Merav Weinryb and Fiona Darmon

Seasoned VCs Fiona Darmon and Merav Weinryb launching new fund focused on secondary opportunities

Based on a recent SEC filing, Darmon and Weinryb intend to raise $100 million

Fiona Darmon and Merav Weinryb, two of the most recognized female investors in Israel’s VC scene, have launched a new venture capital fund, Calcalist has learned. According to an SEC filing published on August 2, the new fund, titled Sunvest Capital Partners, plans to raise $100 million.
Sources close to the matter said that the fund’s initial investors include Israeli tech investor, Jonathan Kolber, coming in as anchor investor, alongside other notable names such as seasoned venture capitalist Eddy Shalev.
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Fiona Darmon Merav Weinryb
Fiona Darmon Merav Weinryb
Merav Weinryb and Fiona Darmon
(Photo: Rami Zarnegar)
In February this year, Calcalist published that Darmon, then General Partner with Jerusalem-based VC fund JVP, and one of the more visible figures on the Israeli VC scene, was leaving the firm to set up her own investment firm. Weinryb was until last month Vice President and Managing Director of Qualcomm Ventures for Europe and Israel, and is recognized as one of the leading VC investors in Israel with numerous exits to her name including SentinelOne, Cellwize and CrazyLabs. Furthermore, looking at Linkedin, the team also includes seasoned venture credit investor Momi Karako, as CFO. According to the same network, the new fund is expected to focus on secondary investments in VC funds and portfolio companies.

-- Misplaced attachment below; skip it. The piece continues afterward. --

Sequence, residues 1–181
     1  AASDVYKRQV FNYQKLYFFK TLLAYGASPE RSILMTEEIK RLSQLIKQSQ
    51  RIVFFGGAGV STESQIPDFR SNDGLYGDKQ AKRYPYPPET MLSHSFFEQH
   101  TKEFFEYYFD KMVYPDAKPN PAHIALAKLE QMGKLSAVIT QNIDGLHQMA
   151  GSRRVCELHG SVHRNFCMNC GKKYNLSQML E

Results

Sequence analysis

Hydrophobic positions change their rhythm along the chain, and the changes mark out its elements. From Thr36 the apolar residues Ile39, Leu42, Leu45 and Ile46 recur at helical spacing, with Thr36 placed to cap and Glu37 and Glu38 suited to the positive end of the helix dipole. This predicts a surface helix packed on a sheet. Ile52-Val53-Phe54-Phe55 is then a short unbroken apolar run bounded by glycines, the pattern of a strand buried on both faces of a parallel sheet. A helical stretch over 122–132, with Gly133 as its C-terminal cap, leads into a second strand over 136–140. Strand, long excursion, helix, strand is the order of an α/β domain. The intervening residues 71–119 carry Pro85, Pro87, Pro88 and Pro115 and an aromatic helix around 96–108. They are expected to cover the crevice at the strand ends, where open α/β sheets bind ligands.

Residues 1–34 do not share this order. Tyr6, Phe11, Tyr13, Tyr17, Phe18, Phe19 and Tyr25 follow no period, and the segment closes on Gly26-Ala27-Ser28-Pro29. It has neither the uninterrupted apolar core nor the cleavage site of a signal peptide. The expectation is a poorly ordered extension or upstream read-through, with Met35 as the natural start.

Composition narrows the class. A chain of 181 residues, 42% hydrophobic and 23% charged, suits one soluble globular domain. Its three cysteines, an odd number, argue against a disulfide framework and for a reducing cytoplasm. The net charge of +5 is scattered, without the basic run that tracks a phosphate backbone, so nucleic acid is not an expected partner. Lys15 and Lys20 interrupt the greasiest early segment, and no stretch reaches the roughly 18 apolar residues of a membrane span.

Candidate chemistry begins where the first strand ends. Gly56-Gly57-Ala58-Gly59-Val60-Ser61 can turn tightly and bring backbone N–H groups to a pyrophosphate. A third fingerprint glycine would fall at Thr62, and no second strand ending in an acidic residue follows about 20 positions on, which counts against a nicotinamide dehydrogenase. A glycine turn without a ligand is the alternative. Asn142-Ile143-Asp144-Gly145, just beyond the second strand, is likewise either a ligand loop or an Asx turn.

The secondary market for private equity investments has been heating up in recent years. Last year, secondary transactions topped 111 billion Euro, second only to 2021 volumes of 134 billion Euro (according to secondaries advisor Greenhill). Last month, it was announced that Tiger Global was in final discussions with Lexington Partners to sell its entire Fund of Fund portfolio, in a transaction rumored to be around $400 million, and in recent weeks it was leaked that Tiger was also looking to sell part of its stakes in private companies.
According to a recent report by Evercore, secondaries transactions have been down so far this year, falling short of the forecast $140 billion for the year, yet this is primarily due to the divide between the valuations investors are looking to achieve for their portfolio and the discounts the secondary investors are offering.
Sunvest Capital Partners would not comment.